In a rest area at Place Bonaventure, 2 1/2-month-old baby Nathan bellowed a heathy cry as his big brother took him in his arms. Nathan’s Mom Pauline Reynier had a Parisian accent and she said: “We’re here to protest against all the world’s problems. We’re here for him.”
David Fletcher, co-founder of The Green Coalition (a group that brings together a large variety of green activists from Montreal and its environs) told Westmount Magazine that the bottom line is this. “The world does not need more children. I struggle with this thought. We had two kids, a boy and a girl,” he said.
Fletcher said that 2.1 children is the threshold of replacement of the human species. “We are digging into the resilience of the planet right now,” Fletcher added. “If we overshoot, we need another half planet in order to be sustainable.”
The 79-year-old Fletcher is hardly optimistic about the future. “Things are going to get tougher. There is a belief that artificial intelligence and technology will solve our problems. (They) are selling us a dream.”
“There will be vote-splitting,” said Fletcher, who is parking his vote with the Green Party. “Trudeau is all-flash. He talks a good show,” he said.
He points to Trudeau’s pipeline project as an example of money being spent in order to bring us into the 21st century. “It was great to see the kids out there expressing themselves and it was pretty exciting to be there,” Fletcher said.
Indeed, I had stood next to a gaggle of young girls screaming as if they were at a rock concert. “They gotta do what they’re doing. There’s been a real decline in standards – the rest of the world will catch up,” he said. “Greta Thunberg is a wonderful young lady. (But) Greta’s people see only one side of the issue. They don’t look to see what’s on the other side. They will not bend,” he said.
‘I saw the most poignant sign of all. It said, in different coloured letters: “I’m here to give a voice for the children I am too scared to have.’
“The Montreal Climate Change March was a turning point for the Canadian elections – this generation doesn’t have the right to vote and they are reacting with an outcry and with horror,” Fletcher said.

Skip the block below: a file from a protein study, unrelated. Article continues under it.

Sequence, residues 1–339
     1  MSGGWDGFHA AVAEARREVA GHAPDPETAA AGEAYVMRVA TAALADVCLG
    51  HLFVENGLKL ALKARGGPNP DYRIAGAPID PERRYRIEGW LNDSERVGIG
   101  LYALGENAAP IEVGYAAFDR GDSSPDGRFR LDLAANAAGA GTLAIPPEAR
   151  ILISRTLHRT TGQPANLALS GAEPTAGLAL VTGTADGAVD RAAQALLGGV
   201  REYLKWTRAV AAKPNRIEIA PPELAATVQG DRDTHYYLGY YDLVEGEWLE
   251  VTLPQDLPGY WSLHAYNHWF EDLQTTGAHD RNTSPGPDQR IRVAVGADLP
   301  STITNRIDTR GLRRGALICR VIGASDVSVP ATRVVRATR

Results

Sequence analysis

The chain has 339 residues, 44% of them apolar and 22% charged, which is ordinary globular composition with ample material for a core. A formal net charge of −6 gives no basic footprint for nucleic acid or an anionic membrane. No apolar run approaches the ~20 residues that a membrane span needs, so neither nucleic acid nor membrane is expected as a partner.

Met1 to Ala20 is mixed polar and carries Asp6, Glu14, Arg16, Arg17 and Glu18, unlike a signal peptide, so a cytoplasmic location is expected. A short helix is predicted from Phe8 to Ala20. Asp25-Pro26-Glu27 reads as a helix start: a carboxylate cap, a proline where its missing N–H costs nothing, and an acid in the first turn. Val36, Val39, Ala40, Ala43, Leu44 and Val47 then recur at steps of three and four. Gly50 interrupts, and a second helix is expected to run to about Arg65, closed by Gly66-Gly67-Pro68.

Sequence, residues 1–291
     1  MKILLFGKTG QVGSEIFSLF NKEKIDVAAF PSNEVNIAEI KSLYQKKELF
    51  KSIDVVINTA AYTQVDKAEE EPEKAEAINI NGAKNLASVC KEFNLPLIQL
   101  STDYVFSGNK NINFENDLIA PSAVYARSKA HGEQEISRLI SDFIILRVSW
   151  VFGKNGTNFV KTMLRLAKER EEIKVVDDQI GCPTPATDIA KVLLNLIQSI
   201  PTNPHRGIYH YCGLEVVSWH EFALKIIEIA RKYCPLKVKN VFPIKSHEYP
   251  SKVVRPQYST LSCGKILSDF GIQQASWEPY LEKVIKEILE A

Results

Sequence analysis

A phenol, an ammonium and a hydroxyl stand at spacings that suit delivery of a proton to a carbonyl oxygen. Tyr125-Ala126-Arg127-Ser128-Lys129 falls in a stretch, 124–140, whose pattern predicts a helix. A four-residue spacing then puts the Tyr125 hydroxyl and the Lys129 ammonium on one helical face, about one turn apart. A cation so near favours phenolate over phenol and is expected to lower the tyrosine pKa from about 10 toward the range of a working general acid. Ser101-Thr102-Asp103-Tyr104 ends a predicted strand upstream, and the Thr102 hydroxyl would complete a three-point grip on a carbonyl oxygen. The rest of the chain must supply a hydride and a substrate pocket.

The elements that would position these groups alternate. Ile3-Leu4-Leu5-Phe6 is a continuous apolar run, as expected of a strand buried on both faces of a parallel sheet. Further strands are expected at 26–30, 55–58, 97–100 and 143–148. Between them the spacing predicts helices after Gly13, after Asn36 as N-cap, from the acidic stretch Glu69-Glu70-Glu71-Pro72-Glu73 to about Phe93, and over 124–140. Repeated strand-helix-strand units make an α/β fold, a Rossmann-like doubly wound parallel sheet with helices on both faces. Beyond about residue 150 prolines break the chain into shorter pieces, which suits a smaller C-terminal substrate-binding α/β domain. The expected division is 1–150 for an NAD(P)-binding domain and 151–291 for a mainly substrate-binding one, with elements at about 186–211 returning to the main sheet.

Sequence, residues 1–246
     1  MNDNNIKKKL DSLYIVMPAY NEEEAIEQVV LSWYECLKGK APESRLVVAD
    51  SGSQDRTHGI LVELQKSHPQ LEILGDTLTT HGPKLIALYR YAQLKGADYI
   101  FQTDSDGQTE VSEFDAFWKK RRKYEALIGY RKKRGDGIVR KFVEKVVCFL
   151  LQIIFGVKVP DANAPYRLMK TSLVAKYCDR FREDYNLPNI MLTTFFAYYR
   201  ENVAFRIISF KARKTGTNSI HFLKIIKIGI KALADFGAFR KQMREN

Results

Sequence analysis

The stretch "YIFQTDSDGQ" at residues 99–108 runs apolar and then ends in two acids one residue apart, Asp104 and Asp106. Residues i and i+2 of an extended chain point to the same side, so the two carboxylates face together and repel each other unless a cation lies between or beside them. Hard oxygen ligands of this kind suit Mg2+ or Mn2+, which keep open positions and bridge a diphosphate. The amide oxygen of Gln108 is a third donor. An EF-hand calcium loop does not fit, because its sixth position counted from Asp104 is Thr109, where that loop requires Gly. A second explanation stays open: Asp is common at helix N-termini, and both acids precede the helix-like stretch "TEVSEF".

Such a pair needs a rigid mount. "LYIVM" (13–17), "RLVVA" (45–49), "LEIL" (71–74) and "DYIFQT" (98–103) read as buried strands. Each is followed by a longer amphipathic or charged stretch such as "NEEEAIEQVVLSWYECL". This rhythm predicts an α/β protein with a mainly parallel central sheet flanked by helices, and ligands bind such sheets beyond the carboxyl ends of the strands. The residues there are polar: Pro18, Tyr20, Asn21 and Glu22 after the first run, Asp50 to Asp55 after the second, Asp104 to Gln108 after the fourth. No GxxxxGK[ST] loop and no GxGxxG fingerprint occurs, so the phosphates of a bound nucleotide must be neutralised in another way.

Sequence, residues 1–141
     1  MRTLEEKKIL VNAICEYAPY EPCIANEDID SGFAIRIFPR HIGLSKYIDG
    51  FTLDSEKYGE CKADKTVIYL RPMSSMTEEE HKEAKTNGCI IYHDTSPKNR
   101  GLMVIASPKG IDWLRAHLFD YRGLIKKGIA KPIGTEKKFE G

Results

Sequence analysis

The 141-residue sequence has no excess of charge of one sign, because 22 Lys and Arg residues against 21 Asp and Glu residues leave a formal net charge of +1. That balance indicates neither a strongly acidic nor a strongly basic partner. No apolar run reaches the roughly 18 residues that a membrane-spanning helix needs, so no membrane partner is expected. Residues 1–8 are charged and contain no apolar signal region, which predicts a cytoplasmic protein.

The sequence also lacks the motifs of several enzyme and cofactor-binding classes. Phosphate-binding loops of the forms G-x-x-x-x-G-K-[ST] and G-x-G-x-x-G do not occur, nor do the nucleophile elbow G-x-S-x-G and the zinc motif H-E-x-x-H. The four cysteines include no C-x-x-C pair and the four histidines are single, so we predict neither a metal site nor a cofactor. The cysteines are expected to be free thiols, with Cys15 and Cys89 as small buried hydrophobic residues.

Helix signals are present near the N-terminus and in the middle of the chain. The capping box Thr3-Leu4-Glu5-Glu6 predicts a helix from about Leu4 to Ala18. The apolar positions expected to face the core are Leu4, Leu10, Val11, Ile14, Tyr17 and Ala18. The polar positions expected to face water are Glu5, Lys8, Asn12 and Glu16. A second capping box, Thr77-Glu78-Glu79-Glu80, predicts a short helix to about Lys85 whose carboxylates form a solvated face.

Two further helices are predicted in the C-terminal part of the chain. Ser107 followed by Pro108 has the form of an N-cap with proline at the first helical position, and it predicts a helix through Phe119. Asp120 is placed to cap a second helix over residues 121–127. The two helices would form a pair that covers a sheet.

Michel Gibson, the mayor of Kirkland, said in a phone interview with Westmount Magazine, that the climate march will not change the results of the vote on the West Island. “Everybody wants to be the saviour of the planet. All of the political parties have environmental platforms” he said.
“I like Trudeau’s carbon tax. It makes sense to pay for the carbon imprint we have on the planet,” said Gibson. “The Greens will get more votes and they will be able to run more candidates – that’s good for them,” Gibson said. “The main thing is that it encourages young people to get out and vote.”
I saw the most poignant sign of all. It said, in different coloured letters: “I’m here to give a voice for the children I am too scared to have.” Alexa Houle, who made the poster, turned around on the corner of de La Gauchetière Street and Belmont to let me read it clearly. It struck a chord with me, a childless woman in her 50’s. That’s when it hit me: I must have been scared too, once upon a time.
Irene Chwalkowski is an experienced freelance reporter with a demonstrated history of working in the newspaper industry. Skilled in translation, journalism, photography and interviewing, she is a media and communications professional with a Bachelor’s degree in Social Psychology from McGill University. She also holds certificate in French to English translation from McGill University.